There are bad bugs. That’s right, you heard it here. There are bad bugs! These bugs are not simply misunderstood. These bugs cannot be rehabilitated. These bugs wet the bed, started fires, and would kill the neighbors animals if given the chance. They hit the trifecta of badness. Our only hope is to be able to recognize them and eliminate them before they wreak havoc on our precious gardens.
I’m going to give you the top ten offenders with some natural or otherwise eco-friendly ways to combat them. One of the most important things to remember is that it is a very bad idea to reach first for the broad spectrum insecticide from your local box store. If you do this, you risk killing or scaring off the plethora of beneficial insects that your gardens need. I’ve been pesticide free for five years now but I still have the urge to grab the Malathion at times. You just have to fight it. We can fight it together. So, here they are, the top ten offenders.
#10 Flea Beetles
These guys are small, but they do big damage. They are highly mobile and only about 1/10th of an inch long. On top of that, they feed at night, skeletonizing your vegetation then curl up to sleep in the dirt during the day. They also feed and live in large colonies so they can eat massive amounts of food in a relatively short period of time.
How to combat them: Start with floating row covers. If they can’t get to your plants, they’ll move on to easier picnics. You can also sprinkle Diatomaceous Earth around the base of your plants as a deterrent. Companion plantings of Tansy, Garlic, Wormwood or Candytuft can help with these rascals as well. At the end of this article I give three “recipes” for home brewed insecticide, you could try these for flea beetles.
#9 Slugs and Snails
Slugs and snails are not insects but rather soft bodied mollusks. Whatever the nomenclature, they like to eat plants in the garden, they have to go. There are a few ways to rid yourself of these. The easiest, pick them off and toss them in a bucket of salt water (or relocate them to a more advantageous home for those that would rather). However, since these guys frolic late at night and in the wee hours of the morning, chances are this is going to be more of a challenge for those that like to do things like sleep at night. So, if you’re not going to change your sleep clock to defend your Delphiniums, there are a couple of other ways to discourage this pest. You can trap them using the bottom of a two liter bottle filled with beer. The slugs are attracted to the brew but they really aught not drink and slime. Barriers work pretty well. Some of the more successful barriers: diatomaceous earth, coffee grounds, well ground egg shells, ground nut shells (such as pecans or walnuts), and oat bran. If you use this method, you must be vigilant about reapplication of your barrier after heavy rain. A barrier is only as good as the person that applies it, you must take care.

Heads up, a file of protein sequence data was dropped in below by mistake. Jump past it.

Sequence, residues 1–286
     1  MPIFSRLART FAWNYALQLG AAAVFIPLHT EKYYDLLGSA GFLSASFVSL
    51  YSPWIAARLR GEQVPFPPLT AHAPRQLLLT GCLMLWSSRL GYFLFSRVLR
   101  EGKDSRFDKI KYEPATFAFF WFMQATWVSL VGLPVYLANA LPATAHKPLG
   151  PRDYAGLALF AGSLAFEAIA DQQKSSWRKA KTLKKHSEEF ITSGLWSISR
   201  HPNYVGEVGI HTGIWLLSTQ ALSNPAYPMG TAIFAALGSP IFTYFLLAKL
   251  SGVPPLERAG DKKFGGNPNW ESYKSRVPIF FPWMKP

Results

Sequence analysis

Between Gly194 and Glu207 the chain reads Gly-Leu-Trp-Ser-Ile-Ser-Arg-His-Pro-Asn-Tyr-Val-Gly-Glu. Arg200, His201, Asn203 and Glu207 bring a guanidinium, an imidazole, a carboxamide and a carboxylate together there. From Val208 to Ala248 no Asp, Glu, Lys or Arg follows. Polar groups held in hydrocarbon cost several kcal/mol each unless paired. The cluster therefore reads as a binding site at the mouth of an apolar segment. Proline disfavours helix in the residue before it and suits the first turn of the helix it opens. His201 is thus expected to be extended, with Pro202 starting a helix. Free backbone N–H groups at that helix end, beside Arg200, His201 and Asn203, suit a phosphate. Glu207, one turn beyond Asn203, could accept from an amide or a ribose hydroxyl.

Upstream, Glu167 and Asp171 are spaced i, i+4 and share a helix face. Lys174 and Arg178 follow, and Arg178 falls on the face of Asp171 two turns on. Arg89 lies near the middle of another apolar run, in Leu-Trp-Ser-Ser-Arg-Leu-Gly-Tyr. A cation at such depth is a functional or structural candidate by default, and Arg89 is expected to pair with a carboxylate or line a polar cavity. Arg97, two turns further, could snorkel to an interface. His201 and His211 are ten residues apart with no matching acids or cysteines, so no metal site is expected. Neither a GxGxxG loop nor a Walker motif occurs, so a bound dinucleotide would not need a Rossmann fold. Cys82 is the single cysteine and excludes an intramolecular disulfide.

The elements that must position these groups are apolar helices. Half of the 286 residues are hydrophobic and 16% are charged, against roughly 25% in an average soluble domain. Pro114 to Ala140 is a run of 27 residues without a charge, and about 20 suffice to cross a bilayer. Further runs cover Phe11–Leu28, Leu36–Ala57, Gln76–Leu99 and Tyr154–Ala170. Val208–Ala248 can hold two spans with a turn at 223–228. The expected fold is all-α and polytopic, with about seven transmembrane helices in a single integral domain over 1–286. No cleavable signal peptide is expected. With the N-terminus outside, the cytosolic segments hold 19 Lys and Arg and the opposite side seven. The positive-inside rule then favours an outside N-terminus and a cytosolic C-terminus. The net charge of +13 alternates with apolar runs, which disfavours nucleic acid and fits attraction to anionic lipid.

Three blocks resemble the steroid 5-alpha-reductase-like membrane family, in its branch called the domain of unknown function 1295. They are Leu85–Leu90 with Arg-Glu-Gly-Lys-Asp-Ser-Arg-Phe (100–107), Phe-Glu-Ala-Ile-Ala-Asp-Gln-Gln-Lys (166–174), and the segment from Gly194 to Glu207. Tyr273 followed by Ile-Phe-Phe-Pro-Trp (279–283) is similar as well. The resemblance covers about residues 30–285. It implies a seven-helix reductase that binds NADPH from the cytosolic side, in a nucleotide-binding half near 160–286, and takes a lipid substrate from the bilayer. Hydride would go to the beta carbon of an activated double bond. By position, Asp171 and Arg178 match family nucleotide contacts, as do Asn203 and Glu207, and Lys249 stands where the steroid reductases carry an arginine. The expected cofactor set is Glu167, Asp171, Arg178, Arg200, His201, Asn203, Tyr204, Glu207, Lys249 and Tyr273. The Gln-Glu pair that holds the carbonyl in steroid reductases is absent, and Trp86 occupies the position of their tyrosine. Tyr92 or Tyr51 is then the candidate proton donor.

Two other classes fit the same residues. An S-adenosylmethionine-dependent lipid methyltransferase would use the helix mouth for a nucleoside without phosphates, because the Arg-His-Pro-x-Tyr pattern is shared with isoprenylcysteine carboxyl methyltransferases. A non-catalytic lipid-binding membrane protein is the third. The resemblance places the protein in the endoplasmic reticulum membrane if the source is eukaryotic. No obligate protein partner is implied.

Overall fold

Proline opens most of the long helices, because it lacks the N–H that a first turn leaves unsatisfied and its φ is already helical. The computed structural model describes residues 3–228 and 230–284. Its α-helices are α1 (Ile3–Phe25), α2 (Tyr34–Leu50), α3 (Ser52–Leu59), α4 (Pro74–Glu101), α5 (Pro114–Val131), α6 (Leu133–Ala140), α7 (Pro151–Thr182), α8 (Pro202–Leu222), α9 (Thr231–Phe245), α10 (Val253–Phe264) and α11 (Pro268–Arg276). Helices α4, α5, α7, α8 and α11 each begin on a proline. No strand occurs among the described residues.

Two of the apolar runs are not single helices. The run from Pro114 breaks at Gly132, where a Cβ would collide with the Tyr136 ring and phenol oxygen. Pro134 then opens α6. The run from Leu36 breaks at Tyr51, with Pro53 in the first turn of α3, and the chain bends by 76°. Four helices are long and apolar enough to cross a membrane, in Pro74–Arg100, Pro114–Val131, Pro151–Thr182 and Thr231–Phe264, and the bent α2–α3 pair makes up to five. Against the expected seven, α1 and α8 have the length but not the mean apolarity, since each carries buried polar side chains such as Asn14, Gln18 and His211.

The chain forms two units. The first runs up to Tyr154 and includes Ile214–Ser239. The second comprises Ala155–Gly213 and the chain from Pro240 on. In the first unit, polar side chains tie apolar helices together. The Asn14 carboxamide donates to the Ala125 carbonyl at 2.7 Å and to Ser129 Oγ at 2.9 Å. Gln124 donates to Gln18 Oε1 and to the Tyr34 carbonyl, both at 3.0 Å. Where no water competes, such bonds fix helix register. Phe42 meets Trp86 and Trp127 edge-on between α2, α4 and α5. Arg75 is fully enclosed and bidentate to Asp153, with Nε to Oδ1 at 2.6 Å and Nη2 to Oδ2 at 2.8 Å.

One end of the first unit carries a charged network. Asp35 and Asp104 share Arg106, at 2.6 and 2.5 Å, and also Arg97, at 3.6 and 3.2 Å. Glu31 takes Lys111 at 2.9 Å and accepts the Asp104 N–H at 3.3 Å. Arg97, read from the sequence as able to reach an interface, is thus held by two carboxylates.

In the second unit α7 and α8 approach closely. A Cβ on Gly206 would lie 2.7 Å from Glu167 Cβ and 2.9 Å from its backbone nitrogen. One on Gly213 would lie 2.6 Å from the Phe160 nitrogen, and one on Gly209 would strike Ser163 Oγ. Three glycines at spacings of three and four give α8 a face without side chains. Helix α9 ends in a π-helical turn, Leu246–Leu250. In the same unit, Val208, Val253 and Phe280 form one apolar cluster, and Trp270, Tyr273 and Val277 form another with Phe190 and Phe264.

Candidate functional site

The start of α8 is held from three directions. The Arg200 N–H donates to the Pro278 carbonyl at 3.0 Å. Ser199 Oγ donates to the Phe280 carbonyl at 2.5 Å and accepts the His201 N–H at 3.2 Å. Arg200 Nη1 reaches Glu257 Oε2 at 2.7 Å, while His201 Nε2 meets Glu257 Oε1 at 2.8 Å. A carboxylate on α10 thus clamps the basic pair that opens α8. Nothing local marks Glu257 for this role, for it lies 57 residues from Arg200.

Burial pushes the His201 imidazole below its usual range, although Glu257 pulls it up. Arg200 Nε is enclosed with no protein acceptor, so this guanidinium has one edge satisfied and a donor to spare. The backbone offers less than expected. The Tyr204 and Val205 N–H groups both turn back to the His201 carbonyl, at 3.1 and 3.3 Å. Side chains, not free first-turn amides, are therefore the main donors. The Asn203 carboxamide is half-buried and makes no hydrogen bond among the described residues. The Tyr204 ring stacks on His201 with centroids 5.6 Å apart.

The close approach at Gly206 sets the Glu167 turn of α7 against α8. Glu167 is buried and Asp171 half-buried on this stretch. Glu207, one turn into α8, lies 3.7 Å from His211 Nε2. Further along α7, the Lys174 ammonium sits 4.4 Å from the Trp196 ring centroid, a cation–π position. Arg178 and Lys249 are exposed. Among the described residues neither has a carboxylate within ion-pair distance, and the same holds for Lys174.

#8 Japanese Beetle
These pack a double whammy. The adults feed on vegetation, the larva feed on roots. You can hand pick the adults but you’ll need to be hyper vigilant and many find they need some kind of biological aids. These aids include, but are not limited to: nematodes, companion plantings of tansy, marigolds (French Marigolds are better), and when all else fails, Pyrethrin or Neem.
Do the leaves of your veggies ever look like they have been scribbled on with a white marker? You have a leaf miner problem.
Luckily, this guy does not normally do significant damage. However, any damage is too much for me so here’s a few ways to combat them:
- Pick the adults by hand
- Companion plantings, borage, tansy, marigolds, zinnias, foxglove
- Remove all affected leaves (you can compost these)
- The parasitic wasp Diglyphus isaea is a commercially available beneficial insect that will kill leafminer larva in the mine.
Cutworms is a generic term for the larval stage of many different insects. You should keep the leaves raked from around your gardens, and the grass mowed short, this discourages insects from laying their eggs to overwinter around your garden. Diatomaceous earth around the base of your plants will deter them as well. Coffee grounds, pulverized egg shells and builders sand is very effective also.
These can be a good news bad news type insect. On the one hand earwigs eat aphids and spidermites, unfortunately they will also eat just about anything in your garden as well. They are especially fond of flowers, lettuce, fruit and celery. Damage from earwigs looks like holes and jagged cuts on leaf edges. As luck would have it, for the most part, earwigs do not pose life threatening (plant life that is) problems unless you have a particularly massive infestation. Pick them off and squash them (or dispose of them in whatever humane way you see fit) or try one of the deterrent sprays.